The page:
Is an unsanitary environment grounds for getting out of an apartment lease?

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Is an unsanitary environment grounds for getting out of an apartment lease?

At my apartment complex the sewer has backed up, flooding the area right outside my door, 5 times in the 2 months I’ve lived there. There is feces floating in the water outside my door, leaving me with no way to my car except walking through the infested sewage. The only type of “clean-up” they’ve attempted is to sweep the water into the storm drain which is also backed up, so it just comes back out, they left the feces in the yard. Is this grounds for getting out of the lease without having it on our credit?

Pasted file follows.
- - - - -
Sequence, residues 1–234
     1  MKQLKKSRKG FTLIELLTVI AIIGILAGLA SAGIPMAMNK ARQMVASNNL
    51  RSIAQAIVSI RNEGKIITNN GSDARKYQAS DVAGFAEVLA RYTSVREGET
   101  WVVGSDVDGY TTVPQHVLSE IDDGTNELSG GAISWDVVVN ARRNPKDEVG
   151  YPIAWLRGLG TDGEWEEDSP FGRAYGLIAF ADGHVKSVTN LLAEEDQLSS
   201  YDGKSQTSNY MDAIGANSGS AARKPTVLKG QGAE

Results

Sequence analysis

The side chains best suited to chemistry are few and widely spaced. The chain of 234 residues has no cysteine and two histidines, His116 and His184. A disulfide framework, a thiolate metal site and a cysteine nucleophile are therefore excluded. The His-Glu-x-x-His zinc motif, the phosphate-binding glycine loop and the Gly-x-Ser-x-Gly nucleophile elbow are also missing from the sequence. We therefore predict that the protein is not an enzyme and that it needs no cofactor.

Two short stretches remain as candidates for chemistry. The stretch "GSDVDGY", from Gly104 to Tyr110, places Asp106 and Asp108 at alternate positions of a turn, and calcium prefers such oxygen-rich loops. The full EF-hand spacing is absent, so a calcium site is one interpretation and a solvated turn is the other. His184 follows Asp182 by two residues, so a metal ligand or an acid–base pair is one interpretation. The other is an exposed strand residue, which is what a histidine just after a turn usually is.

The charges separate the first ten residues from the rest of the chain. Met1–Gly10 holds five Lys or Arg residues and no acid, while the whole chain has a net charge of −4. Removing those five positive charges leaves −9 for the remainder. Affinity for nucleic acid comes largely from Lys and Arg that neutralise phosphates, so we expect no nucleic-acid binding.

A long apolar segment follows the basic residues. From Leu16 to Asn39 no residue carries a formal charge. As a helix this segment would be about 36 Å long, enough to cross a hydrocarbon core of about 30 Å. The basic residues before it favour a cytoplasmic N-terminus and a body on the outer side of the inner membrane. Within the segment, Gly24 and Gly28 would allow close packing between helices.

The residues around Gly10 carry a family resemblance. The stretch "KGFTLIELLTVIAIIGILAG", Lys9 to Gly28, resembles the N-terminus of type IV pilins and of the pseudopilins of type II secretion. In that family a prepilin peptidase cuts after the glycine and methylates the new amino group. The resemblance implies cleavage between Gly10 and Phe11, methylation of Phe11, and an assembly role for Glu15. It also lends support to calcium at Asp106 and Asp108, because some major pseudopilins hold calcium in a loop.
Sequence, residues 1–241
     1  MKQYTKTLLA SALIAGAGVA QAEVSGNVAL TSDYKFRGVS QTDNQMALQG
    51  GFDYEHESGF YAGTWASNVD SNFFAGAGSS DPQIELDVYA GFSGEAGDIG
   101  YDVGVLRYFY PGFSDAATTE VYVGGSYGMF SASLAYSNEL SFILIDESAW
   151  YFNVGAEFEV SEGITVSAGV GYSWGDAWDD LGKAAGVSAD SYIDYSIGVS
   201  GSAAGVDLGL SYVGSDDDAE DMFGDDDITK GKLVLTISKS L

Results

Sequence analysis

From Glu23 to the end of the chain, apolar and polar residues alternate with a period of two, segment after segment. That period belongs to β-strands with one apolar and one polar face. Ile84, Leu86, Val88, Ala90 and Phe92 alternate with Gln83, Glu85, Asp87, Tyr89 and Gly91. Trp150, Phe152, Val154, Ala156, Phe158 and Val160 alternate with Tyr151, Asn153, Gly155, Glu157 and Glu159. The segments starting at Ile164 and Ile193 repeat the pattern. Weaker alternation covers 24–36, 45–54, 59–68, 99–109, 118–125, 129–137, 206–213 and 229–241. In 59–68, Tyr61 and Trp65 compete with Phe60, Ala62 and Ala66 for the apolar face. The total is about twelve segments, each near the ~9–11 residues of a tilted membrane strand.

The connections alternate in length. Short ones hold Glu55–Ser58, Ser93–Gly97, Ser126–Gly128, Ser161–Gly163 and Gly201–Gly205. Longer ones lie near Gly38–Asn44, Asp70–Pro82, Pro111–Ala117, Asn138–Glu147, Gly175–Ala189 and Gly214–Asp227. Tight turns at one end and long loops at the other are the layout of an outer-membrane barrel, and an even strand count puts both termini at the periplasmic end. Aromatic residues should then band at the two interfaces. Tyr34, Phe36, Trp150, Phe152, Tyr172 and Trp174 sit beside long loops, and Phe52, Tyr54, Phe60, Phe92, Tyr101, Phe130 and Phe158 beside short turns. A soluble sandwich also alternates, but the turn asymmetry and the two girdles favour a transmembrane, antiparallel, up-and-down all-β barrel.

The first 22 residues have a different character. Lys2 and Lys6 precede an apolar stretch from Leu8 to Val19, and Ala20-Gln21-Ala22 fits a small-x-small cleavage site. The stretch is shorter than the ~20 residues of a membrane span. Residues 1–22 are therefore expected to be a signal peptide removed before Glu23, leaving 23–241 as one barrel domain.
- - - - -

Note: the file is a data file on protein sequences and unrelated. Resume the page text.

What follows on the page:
Asked on November 3, 2011 under Real Estate Law, Texas

Answers:

S.L,. Member, California Bar / FreeAdvice Contributing Attorney

Answered 10 years ago | Contributor

In every lease, there is an implied warranty of habitability, which means the landlord must maintain the premises in a habitable condition by complying with local and state housing codes.  When there is a breach of the implied warranty of habitability, the tenant notifies the landlord as you have done and the landlord is required to respond within a reasonable time by making the necessary repairs.  When the landlord fails to respond within a reasonable time, the tenant has the following remedies: the tenant can move out and terminate the obligation to pay rent for the balance of the term of the lease or the tenant can stay on the premises, withhold rent and defend against eviction.  Another remedy would be to sue the landlord for breach of the implied warranty of habitability.  The sewage situation you described is a health and safety issue which constitutes a breach of the implied warranty of habitability.

Asserting your rights in a situation where there is a breach of the implied warranty of habitability should not impact your credit.


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